Imagine you move and nail this note to the door:

Thanks for stopping by. I treasure your friendship. I no longer reside here. To reach me, please visit 123 Main St., City, Country. I look forward to connecting again.

At The Tilt, we often preach the need to move from rented land – relying primarily on third-party platforms to reach your audience. But how do you build an “address book” before your departure, so you don’t have to just post a note to your rented door (that could be removed at any moment by the landlord?

Before your creator business departs or expands from rented land, make sure to build an address book, says @AnnGynn. #ContentEntrepreneur Click To Tweet

As a content creator, you must attract your audience so they’ll give their more permanent contact information – an email address or mobile phone number. Why not try a technique used by marketers looking to convert prospective customers into “leads” for their sales team? They call them “lead magnets.” For you who wants to convert social media followers, call it “contact conversions.”

The must-attend business event for content creators. May 1-3, 2023 at the Cleveland Convention Center.

Bonus content

Think about what content your audience might find useful that relates to your content tilt. Is there some content topic or type that doesn’t fit in your normal format they would find valuable? 

Erika Kullberg, attorney and personal finance expert, has a multitude of downloadable content that requires an email address (and mobile number in some cases). At the bottom of her home page, she promotes three of them. Two of those are spreadsheets that creators can complete on their own – a budget and expense sheet and a net worth tracker. 

Though Erika built her business on YouTube, where she now has over 1M subscribers, she makes a concerted effort to grow her email list with this and other free content opportunities.

@ErikaKullberg uses bonus content, such as a budget and expense template, to convert her @YouTube viewers into her #Email database. #CreatorEconomy Click To Tweet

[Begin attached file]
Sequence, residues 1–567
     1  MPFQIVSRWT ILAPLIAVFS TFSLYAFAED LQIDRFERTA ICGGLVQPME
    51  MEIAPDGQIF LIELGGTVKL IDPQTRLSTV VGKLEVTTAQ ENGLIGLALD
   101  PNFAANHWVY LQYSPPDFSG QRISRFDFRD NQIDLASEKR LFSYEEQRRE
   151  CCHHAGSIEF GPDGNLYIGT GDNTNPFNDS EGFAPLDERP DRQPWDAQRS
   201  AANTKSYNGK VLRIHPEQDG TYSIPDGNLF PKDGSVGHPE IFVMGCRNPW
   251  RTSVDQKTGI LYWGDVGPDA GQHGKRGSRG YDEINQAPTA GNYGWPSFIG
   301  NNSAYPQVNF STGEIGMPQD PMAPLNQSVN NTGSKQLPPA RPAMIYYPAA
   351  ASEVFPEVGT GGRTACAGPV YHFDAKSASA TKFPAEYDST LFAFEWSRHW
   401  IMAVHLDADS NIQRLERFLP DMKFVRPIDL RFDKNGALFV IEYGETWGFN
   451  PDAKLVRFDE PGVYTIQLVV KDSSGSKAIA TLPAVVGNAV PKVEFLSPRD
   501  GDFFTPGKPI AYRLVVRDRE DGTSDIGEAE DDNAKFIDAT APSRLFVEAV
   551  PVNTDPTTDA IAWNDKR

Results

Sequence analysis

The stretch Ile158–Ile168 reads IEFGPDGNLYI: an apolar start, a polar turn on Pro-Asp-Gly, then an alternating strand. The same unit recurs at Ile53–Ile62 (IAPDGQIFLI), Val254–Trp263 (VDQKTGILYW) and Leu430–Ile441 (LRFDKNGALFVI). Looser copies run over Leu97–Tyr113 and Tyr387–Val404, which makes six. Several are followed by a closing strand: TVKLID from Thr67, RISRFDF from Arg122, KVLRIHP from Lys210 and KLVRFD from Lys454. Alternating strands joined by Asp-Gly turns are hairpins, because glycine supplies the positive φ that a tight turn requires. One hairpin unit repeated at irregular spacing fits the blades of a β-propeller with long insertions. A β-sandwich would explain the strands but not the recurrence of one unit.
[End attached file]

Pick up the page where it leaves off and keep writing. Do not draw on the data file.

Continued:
If you prefer video and audio content, consider offering exclusive bonus episodes that require the viewer or listener to share their email address to get access.


Bigger than bonus content, ebooks allow you to provide a deeper exploration of a relevant topic to your audience. They don’t have to be novel length – a few thousand words or a designed-heavy dozen or so pages might be enough. The point is that your audience finds significant value in it.

If you think an ebook can seem like a big challenge, online course creator and bestselling author Dorie Clark has a thought: “They can be done the easy way or the hard way.”

Since you already create content, you don’t necessarily need a new topic. Look through your blog articles, Instagram posts, online courses, podcast episodes, etc. What could you pull together into an ebook? What content could be curated with a little original content thrown in to tie it into a cohesive reading experience?

For Dorie, it was the questions at the end of her book chapters that were converted into ebooks.

“They are fleshed out to create a short narrative arc and walk people through the process of thinking through these questions,” she says.

If you opt for a direct landing page (always a good idea), make it an easy-to-spell URL ( so it’s easy for you to say (particularly in audio and video) so you can convert social media followers and other audiences.